Dr Nigel Clark of BTO and the UK Spoon-billed Sandpiper Support Team said:
“This is the first proof that hand-rearing works and that these birds behave and migrate normally. We had predicted that it would work, based on studies on other migratory waders, but we couldn’t be sure that spoon-billed sandpipers would behave the same way. Over the next few years these individually marked birds will help us to understand how best to bring the species back from the brink of extinction.”
The project is part of a multi-pronged international attempt to save the spoon-billed sandpiper. In case the birds in the wild suffer further losses, the only reserve flock in the world is being reared in a biosecure facility at WWT Slimbridge Wetland Centre. In the near future, eggs from the Slimbridge flock could be flown to Russia to be hatched and released as an insurance against the species falling into extinction quicker than it can be saved in the wild.
The spoon-billed sandpiper conservation breeding programme is a collaboration between WWT, Birds Russia, Moscow Zoo and the RSPB working with colleagues from the BTO, BirdLife International, ArcCona and the Spoon-billed Sandpiper Task Force.
Fabulous news – thanks for posting the story. The last photo shows some sort of arthropod clinging to the undertail part of the bird – any ideas on what it might be?
This is the best news ever!!!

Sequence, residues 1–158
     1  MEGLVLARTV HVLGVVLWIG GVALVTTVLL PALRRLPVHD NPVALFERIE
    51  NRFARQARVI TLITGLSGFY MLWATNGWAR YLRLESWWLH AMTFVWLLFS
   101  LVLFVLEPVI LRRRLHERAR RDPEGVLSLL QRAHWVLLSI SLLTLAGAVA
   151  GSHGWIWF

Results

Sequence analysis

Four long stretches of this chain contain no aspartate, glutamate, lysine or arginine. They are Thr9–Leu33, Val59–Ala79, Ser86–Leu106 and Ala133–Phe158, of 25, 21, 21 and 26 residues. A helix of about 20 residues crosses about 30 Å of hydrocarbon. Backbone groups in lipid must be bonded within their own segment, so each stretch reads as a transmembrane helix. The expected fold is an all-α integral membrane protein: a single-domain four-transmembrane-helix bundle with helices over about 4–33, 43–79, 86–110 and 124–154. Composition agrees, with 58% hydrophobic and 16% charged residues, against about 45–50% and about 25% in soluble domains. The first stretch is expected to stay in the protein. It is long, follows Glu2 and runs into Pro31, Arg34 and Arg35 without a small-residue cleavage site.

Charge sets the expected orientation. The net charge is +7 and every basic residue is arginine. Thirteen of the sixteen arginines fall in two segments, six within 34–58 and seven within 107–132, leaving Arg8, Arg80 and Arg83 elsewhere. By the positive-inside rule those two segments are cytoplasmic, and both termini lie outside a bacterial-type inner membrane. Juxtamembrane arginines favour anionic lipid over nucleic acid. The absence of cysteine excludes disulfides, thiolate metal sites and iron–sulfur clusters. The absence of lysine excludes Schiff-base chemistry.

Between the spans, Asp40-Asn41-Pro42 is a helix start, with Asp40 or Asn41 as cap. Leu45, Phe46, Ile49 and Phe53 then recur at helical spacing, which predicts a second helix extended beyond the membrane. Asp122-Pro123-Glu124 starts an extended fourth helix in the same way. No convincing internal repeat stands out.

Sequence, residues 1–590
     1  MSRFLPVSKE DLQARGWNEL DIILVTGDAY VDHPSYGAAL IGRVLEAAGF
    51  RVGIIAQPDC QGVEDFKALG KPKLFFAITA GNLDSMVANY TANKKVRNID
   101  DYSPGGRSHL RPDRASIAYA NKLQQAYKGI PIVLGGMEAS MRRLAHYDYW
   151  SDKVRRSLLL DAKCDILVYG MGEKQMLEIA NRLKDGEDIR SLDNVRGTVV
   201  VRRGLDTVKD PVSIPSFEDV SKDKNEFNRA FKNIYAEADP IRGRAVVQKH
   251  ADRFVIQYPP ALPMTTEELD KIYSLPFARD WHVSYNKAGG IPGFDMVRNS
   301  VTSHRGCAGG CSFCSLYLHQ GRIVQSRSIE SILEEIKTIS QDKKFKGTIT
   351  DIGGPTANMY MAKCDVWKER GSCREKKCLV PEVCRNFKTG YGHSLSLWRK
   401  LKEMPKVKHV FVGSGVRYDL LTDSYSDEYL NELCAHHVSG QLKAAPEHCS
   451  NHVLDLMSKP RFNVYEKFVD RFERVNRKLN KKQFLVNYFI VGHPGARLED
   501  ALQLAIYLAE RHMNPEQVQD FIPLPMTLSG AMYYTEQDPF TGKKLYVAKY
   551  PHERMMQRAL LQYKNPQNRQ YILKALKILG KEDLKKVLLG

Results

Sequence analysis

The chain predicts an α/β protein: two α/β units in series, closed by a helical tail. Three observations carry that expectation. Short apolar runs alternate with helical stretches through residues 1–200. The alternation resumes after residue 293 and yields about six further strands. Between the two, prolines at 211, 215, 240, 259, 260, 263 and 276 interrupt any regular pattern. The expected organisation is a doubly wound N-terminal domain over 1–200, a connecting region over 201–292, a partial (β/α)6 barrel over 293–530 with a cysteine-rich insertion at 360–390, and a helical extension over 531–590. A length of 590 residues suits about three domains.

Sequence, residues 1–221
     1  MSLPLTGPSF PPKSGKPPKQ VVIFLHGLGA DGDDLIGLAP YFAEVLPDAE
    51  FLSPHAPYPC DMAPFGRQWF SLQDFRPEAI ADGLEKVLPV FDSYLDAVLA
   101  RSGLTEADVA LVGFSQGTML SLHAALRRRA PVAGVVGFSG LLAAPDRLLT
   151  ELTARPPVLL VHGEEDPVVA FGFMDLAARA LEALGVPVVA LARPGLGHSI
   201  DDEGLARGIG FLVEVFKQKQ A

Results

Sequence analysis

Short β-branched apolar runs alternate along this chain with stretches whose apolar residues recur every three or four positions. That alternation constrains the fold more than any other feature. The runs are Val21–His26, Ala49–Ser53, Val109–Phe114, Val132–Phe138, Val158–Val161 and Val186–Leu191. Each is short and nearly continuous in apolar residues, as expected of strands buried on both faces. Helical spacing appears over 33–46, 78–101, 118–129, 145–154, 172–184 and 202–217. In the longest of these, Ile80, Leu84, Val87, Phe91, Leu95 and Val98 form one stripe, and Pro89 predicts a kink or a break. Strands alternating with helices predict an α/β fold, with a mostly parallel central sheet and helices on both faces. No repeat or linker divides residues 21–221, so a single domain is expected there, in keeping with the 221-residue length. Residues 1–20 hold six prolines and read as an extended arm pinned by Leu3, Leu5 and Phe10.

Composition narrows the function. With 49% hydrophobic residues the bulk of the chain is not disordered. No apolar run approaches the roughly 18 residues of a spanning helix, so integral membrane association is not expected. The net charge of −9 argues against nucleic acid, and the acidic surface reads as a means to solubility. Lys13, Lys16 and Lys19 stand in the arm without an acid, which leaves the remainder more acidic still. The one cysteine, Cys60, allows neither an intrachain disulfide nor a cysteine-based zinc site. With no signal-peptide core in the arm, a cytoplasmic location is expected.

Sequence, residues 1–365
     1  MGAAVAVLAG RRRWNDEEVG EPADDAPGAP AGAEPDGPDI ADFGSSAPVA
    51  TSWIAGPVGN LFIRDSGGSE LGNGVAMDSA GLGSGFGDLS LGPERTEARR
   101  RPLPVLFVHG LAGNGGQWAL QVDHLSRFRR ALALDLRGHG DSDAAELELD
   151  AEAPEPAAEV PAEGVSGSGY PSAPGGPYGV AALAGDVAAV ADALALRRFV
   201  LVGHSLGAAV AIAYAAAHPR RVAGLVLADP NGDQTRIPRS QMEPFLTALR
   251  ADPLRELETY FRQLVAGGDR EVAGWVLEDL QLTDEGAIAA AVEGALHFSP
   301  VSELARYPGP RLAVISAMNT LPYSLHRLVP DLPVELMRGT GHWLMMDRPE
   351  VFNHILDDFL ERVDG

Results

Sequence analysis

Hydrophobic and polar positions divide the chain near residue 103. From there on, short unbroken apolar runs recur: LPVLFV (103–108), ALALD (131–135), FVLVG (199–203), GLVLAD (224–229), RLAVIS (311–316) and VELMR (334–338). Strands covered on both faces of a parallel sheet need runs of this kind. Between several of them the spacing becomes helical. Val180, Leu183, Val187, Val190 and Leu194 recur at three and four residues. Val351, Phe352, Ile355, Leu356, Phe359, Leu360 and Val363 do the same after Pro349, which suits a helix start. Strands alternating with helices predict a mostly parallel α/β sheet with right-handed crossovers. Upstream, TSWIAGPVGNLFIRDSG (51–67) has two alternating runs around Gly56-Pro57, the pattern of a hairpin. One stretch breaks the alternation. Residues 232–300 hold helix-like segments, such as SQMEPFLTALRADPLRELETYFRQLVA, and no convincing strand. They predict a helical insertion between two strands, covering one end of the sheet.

I just checked my notes from that expedition & it looks like Nikolay took one clutch from the south on that day and I found a nest at Overwashed Spit, which were collected that evening as 3 days of heavy rain were approaching. I would love to think this bird was from ‘my’ nest. Do we know?
Just the best news. Cracking work Roland Digby and all the team in the UK and around the world who are trying to secure a future for this species all along its flyway. That’s one more bird entering the breeding population because of what you do, often under extremely difficult conditions. You’re my conservation heroes.
Thank you all for all the work you do to save the spoonbills!! Elaine C
this is great news that proves we can have a massive positive effect on the wild population & could be enough to reverse the declining trends. The next big step is to do something to stop habitat loss along the flyway – oooh things are possible if humankind really want to make a difference. On another note, do we know which nest this bird came from. I know that both Nikolai & I collected a clutch that day. I am hoping this is one of my Overwashed Spit birds.
Hi Phil. Sorry to be the bearer of bad news but, looking at our records, it was from the clutch of 3 collected by Egor and Nikolay. Your eggs were taken for conservation breeding. Liz – I’ll ask the guys out in the field what that strange beast is. Never seen that before!
Hi Liz. Roland says it’s a wolf spider (Lycosidae)
still superb news showng that head starting works. This could be the turning point that we were all waiting for. Thanks Baz
Here’s a clearer picture of the wolf spider that was photographed on Green 08